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two of my four cases there was deafness along with the imbecility, showing that the effects of the disease had not been confined to the brain convolutions, but had also affected the centres of special sensation.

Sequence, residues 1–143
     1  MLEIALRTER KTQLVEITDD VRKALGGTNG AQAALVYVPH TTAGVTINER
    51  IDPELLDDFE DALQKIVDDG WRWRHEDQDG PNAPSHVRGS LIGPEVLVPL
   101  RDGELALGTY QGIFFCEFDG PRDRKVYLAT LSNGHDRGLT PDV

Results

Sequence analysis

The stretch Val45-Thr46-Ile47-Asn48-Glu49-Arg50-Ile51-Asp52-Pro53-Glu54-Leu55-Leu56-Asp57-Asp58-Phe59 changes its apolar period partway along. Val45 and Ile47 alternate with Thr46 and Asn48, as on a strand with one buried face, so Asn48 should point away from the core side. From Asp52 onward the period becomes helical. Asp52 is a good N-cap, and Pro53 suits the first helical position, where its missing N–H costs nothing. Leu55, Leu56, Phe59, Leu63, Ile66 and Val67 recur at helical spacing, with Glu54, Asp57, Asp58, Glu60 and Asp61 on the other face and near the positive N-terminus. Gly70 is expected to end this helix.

The form of insanity that follows small-pox is of the same character as that of scarlatina, but is even more incurable. That of typhus and typhoid is more clearly the result of brain exhaustion from those diseases when they have continued for a long time. The patient seems to come out of the fever, showing no particular symptom of weakness of mind or insanity until some weeks afterwards, when he takes an attack of acute excitement, or “gets into a low way, and a long continued intractable depression results. Tuke and Bucknill and Maudsley say that the insanity that follows typhus is of a more incurable kind than that resulting from typhoid. Sydenham describes the form of insanity that used to follow ague, and in his time this seems not to have been uncommon. He calls it a peculiar form of mania, and says that the long continuance of the fever, and its being of a quartan type, seem to produce the mental symptoms more than any other circumstances. If treated by the exhibition of strong evacuants it degenerates into hopeless fatuity. My single case of the disease was that of a sailor who had regular attacks of ague, drank hard, lived on salt provisions during his voyage home, and on his arrival had an acute maniacal attack. He was thin, pale, and slightly scorbutic. I treated him with abundant diet, malt liquors, fresh air, quinine and iron, and a few draughts of chloral at bedtime, and he was quite well again in two months, having gained 20lbs. in weight in that time. In this case, of course, there were the other causes of brain exhaustion as well as the ague.